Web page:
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Alzheimers, young athlete

Saeed Ahmed, Hema Venigalla, Hema Madhuri Mekala, Sara Dar, Mudasar Hassan, Shahana Ayub
Traumatic brain injury (TBI) occurs when a blow or jolt to the head or a penetrating injury results in damage to the brain. It is the most frequent cause of hospitalization in young people with a higher prevalence in men. TBI is the leading cause of disability and mortality between the ages 1 and 45. TBI can be caused either by the direct result of trauma or due to a complication of the primary injury. The most common etiological factors for TBI are falls, road traffic accidents, violent physical assaults, and injuries associated with athletic activities...
March 2017: Indian Journal of Psychological Medicine
Ann C McKee, Meghan E Robinson
Mild traumatic brain injury (mTBI) includes concussion, subconcussion, and most exposures to explosive blast from improvised explosive devices. mTBI is the most common traumatic brain injury affecting military personnel; however, it is the most difficult to diagnose and the least well understood. It is also recognized that some mTBIs have persistent, and sometimes progressive, long-term debilitating effects. Increasing evidence suggests that a single traumatic brain injury can produce long-term gray and white matter atrophy, precipitate or accelerate age-related neurodegeneration, and increase the risk of developing Alzheimer's disease, Parkinson's disease, and motor neuron disease...
June 2014: Alzheimer's & Dementia: the Journal of the Alzheimer's Association
Burkhard Simma, Jürg Lütschg, James M Callahan
Mild head injury is of interest because of a history of under diagnosis and underestimated clinical importance. Half of the patients with mild head injuries or concussions have sport-related injuries. Knowledge of symptoms and appropriate management can be improved and is a matter of practical interest. Several algorithms exist for discharge, admission or for cranial computed tomography (CT).These employ different risk factors and calculate their sensitivity of correctly identifying children with traumatic brain injury (TBI)...
July 2013: American Journal of Emergency Medicine
Louis De Beaumont, Sébastien Tremblay, Judes Poirier, Maryse Lassonde, Hugo Théoret
Persistent motor/cognitive alterations and increased prevalence of Alzheimer's disease are known consequences of recurrent sports concussions, the most prevalent cause of mild traumatic brain injury (TBI) among youth. Animal models of TBI demonstrated that impaired learning was related to persistent synaptic plasticity suppression in the form of long-term potentiation (LTP) and depression (LTD). In humans, single and repeated concussive injuries lead to lifelong and cumulative enhancements of gamma-aminobutyric acid (GABA)-mediated inhibition, which is known to suppress LTP/LTD plasticity...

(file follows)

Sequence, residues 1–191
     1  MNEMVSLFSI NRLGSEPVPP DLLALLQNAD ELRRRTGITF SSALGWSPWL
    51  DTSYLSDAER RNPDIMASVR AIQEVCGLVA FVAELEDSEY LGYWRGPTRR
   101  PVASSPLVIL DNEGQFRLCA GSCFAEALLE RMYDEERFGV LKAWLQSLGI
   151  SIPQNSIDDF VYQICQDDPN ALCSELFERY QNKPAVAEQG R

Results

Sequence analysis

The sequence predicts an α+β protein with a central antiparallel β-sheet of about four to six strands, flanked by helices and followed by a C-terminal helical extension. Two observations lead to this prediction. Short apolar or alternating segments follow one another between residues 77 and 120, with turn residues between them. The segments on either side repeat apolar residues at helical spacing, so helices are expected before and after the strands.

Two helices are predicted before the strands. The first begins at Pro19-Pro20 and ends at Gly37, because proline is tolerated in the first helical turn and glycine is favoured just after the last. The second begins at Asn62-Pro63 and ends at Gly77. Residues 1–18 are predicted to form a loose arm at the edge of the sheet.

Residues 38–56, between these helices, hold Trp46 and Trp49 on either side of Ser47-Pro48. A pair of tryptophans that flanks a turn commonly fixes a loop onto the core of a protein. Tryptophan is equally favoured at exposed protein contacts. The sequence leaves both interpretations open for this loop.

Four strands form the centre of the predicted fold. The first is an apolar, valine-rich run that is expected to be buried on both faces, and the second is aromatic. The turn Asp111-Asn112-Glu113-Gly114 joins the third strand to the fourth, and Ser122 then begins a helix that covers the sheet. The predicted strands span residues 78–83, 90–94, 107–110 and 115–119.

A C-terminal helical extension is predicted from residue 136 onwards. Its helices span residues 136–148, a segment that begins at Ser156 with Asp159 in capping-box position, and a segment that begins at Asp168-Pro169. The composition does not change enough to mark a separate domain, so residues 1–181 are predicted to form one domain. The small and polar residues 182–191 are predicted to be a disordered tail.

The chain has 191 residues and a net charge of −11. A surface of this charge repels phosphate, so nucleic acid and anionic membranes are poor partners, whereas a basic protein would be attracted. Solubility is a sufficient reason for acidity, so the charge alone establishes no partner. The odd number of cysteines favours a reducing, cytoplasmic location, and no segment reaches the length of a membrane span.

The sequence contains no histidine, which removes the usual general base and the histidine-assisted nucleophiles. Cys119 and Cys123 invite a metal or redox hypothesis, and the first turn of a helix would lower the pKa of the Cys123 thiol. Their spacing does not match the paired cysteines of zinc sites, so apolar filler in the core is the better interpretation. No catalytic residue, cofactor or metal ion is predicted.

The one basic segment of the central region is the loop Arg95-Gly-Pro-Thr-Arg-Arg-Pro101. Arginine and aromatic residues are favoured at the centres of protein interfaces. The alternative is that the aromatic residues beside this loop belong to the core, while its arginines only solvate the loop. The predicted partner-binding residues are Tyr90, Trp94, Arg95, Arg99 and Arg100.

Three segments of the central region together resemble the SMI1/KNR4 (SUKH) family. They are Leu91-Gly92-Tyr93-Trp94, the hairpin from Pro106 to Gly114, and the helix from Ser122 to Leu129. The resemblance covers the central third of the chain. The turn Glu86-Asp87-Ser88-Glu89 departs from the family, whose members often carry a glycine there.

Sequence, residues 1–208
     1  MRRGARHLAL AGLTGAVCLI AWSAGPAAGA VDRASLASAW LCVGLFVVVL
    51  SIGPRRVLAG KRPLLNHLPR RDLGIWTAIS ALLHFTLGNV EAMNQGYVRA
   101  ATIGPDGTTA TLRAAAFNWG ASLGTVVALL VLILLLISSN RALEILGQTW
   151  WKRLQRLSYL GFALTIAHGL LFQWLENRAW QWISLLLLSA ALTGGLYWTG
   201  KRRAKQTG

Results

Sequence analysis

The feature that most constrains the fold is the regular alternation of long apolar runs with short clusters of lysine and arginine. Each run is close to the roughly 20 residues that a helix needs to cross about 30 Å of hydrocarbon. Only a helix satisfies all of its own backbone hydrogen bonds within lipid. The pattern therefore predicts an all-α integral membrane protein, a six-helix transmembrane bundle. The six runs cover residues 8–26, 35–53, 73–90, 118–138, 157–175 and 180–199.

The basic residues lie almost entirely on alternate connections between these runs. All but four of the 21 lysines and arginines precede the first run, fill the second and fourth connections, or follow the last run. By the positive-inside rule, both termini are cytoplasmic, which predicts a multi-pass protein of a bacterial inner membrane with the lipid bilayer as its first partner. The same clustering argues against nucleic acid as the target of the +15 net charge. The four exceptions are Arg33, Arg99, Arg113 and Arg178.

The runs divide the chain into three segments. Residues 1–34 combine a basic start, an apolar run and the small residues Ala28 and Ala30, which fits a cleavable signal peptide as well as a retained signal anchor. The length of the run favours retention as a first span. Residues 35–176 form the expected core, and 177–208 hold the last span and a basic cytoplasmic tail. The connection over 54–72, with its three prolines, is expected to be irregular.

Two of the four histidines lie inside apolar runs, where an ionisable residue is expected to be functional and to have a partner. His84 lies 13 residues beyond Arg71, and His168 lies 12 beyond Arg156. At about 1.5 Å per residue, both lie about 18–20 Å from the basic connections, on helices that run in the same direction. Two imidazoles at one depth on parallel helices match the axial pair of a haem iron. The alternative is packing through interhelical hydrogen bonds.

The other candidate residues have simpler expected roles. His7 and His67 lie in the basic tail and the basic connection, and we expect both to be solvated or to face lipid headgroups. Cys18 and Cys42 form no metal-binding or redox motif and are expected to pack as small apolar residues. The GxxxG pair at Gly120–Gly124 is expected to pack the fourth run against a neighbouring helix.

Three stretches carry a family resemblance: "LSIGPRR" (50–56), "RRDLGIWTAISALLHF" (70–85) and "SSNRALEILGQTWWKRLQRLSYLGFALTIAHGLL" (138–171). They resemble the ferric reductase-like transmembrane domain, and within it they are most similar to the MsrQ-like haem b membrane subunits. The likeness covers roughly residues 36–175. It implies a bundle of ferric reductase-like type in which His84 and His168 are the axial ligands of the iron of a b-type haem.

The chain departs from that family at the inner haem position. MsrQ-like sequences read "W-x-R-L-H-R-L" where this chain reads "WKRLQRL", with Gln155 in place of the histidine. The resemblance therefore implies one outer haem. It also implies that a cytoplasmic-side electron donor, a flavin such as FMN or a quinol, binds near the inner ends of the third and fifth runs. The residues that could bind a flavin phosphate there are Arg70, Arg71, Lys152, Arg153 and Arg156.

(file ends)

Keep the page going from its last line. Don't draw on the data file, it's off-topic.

January 2012: Cerebral Cortex
Caroline C Rodgers
Despite the fact that Alzheimer's disease was identified more than 100 years ago, its cause remains elusive. Although the chance of developing Alzheimer's disease increases with age, it is not a natural consequence of aging. This article proposes that dental X-rays can damage microglia telomeres - the structures at the end of chromosomes that determine how many times cells divide before they die - causing them to age prematurely. Degenerated microglia lose their neuroprotective properties, resulting in the formation of neurofibrillary tau tangles and consequently, the neuronal death that causes Alzheimer's dementia...
July 2011: Medical Hypotheses
Bennet Omalu, Julian Bailes, Ronald L Hamilton, M Ilyas Kamboh, Jennifer Hammers, Mary Case, Robert Fitzsimmons
BACKGROUND: We define chronic traumatic encephalopathy (CTE) as a progressive neurodegenerative syndrome caused by single, episodic, or repetitive blunt force impacts to the head and transfer of acceleration-deceleration forces to the brain. OBJECTIVE: We present emerging histomorphologic phenotypes of CTE that we identified in our cohort of CTE cases with apolipoprotein E genotyping and causes and manners of death. METHODS: Autopsy brain tissue of 14 professional athletes and 3 high school football players was examined after unexpected deaths...
July 2011: Neurosurgery
Hans Förstl, Christian Haass, Bernhard Hemmer, Bernhard Meyer, Martin Halle
BACKGROUND: Boxing has received increased public attention and acceptance in recent years. However, this development has not been accompanied by a critical discussion of the early and late health complications. METHODS: We selectively review recent studies on the acute, subacute, and chronic neuropsychiatric consequences of boxing. RESULTS: Cerebral concussions ("knock-outs") are the most relevant acute consequence of boxing. The number of reported cases of death in the ring seems to have mildly decreased...
November 2010: Deutsches Ärzteblatt International
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